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Polly Page

Polly Page

(1918-2020) lived in Pleasant Hill in Cumberland County
Rooster, 1967-1977
wood, 5.75 inches tall, 77.36.26

A) Uncle Pink, in blue overalls and blue shirt, 10 inches
B) Aunt Jenny in black and brown dress, 10 inches
C) Robin in white with brown floral pattern dress and white pantaloons with lace bottoms, 5.5 inches
D) Mark in blue overalls and red hat, 5.5 inches
E) Two pieces of wood representing logs with a saw, saw blade length-5 inches
F) Wooden carving of a butter churn, 4.75 inches, 36.53A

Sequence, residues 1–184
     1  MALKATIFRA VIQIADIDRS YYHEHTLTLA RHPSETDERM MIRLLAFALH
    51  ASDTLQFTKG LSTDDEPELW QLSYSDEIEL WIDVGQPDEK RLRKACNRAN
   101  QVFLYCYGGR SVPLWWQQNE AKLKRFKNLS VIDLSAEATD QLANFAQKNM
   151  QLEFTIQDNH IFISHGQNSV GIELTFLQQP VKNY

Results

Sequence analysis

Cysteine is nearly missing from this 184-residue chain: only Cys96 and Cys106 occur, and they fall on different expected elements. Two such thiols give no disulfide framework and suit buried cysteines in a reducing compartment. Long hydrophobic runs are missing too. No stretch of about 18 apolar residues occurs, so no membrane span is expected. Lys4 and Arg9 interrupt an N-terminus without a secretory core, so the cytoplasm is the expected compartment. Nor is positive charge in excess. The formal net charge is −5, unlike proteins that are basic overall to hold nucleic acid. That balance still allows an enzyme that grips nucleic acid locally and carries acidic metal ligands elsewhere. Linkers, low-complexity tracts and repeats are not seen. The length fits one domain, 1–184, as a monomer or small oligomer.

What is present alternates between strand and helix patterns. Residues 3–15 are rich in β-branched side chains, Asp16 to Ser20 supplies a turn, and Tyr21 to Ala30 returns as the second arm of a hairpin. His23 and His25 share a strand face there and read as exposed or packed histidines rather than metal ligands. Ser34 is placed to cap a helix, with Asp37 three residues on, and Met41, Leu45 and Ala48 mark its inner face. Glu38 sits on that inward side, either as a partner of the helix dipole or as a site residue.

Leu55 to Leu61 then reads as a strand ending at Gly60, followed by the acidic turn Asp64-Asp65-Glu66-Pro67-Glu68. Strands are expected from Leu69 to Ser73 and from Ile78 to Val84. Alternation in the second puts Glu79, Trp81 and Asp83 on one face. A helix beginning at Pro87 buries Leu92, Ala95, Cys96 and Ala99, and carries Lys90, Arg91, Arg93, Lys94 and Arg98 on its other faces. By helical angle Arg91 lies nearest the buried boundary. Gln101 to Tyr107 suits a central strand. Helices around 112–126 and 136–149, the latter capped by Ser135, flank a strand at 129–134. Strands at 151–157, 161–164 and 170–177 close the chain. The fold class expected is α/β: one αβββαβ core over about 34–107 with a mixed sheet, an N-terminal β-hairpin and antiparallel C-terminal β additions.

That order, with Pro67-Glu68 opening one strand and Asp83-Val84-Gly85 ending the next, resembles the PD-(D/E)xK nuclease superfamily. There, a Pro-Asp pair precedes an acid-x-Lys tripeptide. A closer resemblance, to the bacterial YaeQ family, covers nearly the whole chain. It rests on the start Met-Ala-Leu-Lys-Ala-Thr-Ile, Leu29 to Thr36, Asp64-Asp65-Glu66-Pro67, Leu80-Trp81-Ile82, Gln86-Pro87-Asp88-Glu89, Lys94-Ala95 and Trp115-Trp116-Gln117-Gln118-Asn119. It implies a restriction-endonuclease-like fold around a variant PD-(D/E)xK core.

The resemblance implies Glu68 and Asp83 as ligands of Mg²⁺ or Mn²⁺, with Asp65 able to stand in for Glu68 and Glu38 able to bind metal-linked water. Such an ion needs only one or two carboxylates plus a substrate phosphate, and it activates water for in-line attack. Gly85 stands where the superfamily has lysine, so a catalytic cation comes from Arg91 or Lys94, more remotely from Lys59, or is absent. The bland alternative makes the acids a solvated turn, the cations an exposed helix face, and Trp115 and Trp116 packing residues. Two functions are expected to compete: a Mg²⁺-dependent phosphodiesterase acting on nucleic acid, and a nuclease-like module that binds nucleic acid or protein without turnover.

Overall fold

In her long career as a woodcarver, Page has preserved the legacy of Cumberland County’s Pleasant Hill Academy, one of Tennessee’s most notable Appalachian settlement schools. Part of a wider education and social reform movement in isolated areas of the southern mountains, the school also had programs encouraging student involvement in traditional arts and crafts. Page enrolled there in 1929 and soon became the star pupil of carving teacher Margaret Campbell, mastering many human and animal figures. She developed her own signature character dolls, “Hitty” and “Aunt Jenny” and “Uncle Pink,” based on people in the community. When the academy closed in the 1940’s, Page became a leader and teacher in the Pleasant Hill Community Crafts program that succeeded it. She carved nonstop throughout the years and gained a wide reputation, starting her own Polly Page Craft Center in the 1970s, where she hosts visitors and customers. She inspired Jane Fonda’s title character in the 1981 film The Dollmaker. In 2010, Page’s work and biography were featured in Robert Cogswell’s book, Tradition: Tennessee Lives and Legacies. Then, in 2013, Page received the Tennessee Folklife Heritage Governor’s Arts Award.